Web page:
Vocals:  

The separation of the vocals from the instrumental is just as good as that between instruments, they never intrude upon each other.

Female:  Vocals come across as very real, very natural and very believable.  There is no softening going on, no breathy air added.  Soft voices come out soft, powerful ones come out strong and clear, girly voices are just as sweet and cute as they should be.  I have to call this one a 9.0.  Up there with the best I have heard.

Male:  May just be the best I have heard, I went through several Dire Straits albums during my 100 hour run in and found that I could hear Mark Knofler's voice slowly changing over the years, I could also pick a slight change in his voice with songs of different speeds too, I've never noticed that before (1).  I could also pick slight changes in timbre of male vocals within other songs too, the detail on display here is impressive in the extreme.  9.0

 

2D Soundstaging:  So open and airy you could drive a front end loader through it.  Stereo separation blends into the 3D soundstage so effectively and every instrument seems to come at you from a slightly different direction or height.  This takes a great performance and turns it into the best performance.  An easy 9.0.

3D Soundstage:  Sometimes I leave this one out, if it doesn't make itself known to me then I just let it be (sort of an "it's easier to say nothing than to just say 'it's there but it doesn't really do anything that any other amp doesn't do as well') but this time I just have to say something.  The drums in the Carr Jam bounce about the middle of the sound stage and I can see in my mind where his arms are moving to within the circle of the drum kit.  I put on 'Rock On' by David Essex (an old fave) and had that delicious bass dancing in and out of the plane of the speakers (2), now that was something special.  In every song I can pick the direction of different instruments and usually pick how far away they are, even if another instrument is in front of them (a rarity but it has happened).  This is just great, it puts me in mind of the way Mike Lenehan explained how the girls vocals danced forwards and backwards in Lou Reed's "Walk on the Wild Side".  This adds another dimension to the enjoyment of recorded music and again is an easy 9.0.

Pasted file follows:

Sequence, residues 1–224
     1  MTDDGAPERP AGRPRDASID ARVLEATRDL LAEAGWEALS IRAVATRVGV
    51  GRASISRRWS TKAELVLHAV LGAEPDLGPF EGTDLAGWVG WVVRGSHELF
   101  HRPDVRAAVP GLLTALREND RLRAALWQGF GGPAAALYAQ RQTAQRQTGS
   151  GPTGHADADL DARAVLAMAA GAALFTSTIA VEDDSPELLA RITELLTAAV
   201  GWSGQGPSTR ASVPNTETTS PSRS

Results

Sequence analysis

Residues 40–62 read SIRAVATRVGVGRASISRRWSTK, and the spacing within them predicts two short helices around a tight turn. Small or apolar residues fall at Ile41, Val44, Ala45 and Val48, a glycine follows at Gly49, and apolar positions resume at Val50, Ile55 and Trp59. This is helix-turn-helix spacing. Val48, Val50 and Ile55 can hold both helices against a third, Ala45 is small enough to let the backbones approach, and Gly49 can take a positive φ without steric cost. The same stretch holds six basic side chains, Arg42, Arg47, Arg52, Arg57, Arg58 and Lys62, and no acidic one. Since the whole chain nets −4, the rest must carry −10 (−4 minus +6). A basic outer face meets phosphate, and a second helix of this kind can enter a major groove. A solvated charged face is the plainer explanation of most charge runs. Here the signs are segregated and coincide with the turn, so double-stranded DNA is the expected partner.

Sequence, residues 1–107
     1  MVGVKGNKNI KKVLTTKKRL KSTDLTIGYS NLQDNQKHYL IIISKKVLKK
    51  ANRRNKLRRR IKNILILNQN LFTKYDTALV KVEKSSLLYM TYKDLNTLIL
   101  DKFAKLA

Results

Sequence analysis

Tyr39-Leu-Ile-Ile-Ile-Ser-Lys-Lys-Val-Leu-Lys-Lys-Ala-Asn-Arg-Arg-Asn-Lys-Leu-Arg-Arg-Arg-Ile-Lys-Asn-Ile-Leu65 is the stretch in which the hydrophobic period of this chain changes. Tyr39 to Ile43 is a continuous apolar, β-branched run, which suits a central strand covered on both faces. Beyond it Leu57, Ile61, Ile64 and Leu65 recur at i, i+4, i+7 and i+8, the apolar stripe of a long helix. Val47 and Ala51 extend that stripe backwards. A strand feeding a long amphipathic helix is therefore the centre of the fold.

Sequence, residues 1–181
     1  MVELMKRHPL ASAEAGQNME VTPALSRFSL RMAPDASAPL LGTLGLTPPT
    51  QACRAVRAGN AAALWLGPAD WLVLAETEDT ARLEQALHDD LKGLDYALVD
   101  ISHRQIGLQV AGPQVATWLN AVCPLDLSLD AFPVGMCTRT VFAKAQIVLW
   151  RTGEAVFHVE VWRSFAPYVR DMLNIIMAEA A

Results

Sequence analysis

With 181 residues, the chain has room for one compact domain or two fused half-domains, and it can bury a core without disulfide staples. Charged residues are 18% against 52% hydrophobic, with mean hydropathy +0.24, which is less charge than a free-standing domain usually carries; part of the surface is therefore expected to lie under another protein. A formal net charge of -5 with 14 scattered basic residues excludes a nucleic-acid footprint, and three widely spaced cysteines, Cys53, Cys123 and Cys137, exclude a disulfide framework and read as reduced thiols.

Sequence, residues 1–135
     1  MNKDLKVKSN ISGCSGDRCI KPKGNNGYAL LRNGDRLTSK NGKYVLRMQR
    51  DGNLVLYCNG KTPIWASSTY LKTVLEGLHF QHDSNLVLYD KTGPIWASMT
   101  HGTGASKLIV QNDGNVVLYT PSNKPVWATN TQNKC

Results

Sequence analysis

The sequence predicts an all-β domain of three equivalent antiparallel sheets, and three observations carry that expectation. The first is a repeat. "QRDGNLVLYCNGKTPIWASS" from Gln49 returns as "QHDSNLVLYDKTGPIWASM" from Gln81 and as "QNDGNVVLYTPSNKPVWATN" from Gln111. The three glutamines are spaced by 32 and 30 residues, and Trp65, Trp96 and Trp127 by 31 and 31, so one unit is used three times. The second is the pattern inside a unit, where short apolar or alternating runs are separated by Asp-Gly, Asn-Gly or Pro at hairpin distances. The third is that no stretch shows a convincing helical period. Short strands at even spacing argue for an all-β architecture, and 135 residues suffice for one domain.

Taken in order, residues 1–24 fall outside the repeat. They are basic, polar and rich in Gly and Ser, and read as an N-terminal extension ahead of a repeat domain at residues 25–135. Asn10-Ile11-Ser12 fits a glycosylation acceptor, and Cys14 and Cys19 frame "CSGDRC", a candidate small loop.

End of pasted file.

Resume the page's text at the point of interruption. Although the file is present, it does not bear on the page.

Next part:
Overall Performance Integration:

Alright, I've already touched on this above but there's more to say.  There is so much space and so much separation on display it boggles the mind.  Orchestral is probably the closest I can come to describing it, nothing about the music feels unnatural, it's not fast or tight or sweet it just sounds like you are listening to what is on the cd without the interference of an amp with a strong character.  The performance is not so much musical as it is captivating in its excellence of quality.  It is really something else.  9.0

 

Ability to Emote:  

Yeah, this one is difficult to explain, it doesn't really emote as strongly as you would expect from such good scores above.  I would score it as a 7.0... But... if I were to re-word this section to "Ability to Appreciate" then it would score a 9.0.  It's the difference between drawing you in (which, as good as it it doesn't really do) and letting you watch the performance in front of you (which it does brilliantly).

 

Electric Guitar Test:

This is where that 'class B' character really steps up.  I was thinking maybe an 8.5 (you know, since it was damn good!) until I realized that it is actually better (and not just a little better) than the Xindak on the Electric Guitar so I tried again and thought about it a bit and then settled on a 9.0.  But!!!  Then I played the track again, about 8db lounder and guess what?  When the music died so did a little bit of my soul.  So, for the first time ever I'm giving a score above nine, a 9.25 to be precise.  

By way of a little more explanation, my methodology for scoring the Electric Guitar is less scientific than any of the other scores, if it sounds really good it could score anywhere up to an 8.0, if it is good enough to send a shiver down my spine then it might rate as high as an 8.5, if the shiver travels back up my spine again then it might just be good enough to earn a 9.0.  The Halo managed to make the shiver tickle my kidneys as it passed (in both directions!) so it earned a score above 9.0.  I'm not sure what it would take to earn a 9.5 but if I ever find out I will be sure to pass the information on.

 

80's Rock Test:

The Halo both reminds me of how 80's rock sounded back in the 80's and how much clearer it sounds when I'm listening to it via the Halo, that 'class B' character gives it a great sense of energy.  OK, another 9.0.

 

 

I've thrown a couple of numbers throughout the body of this review, a 1 and a 2 in brackets, as I started to keep count of things I've heard via the Halo that I've never heard before.  I reached a final score of 4, the other two were rustling sounds in song 6 of Dido's 'No Angel" album and a sense of enhanced mid bass in several standard pop songs that I include in my usual listening list, I have heard some of that enhanced mid bass before but it is just so easy to spot with the Halo I thought it deserved special mention.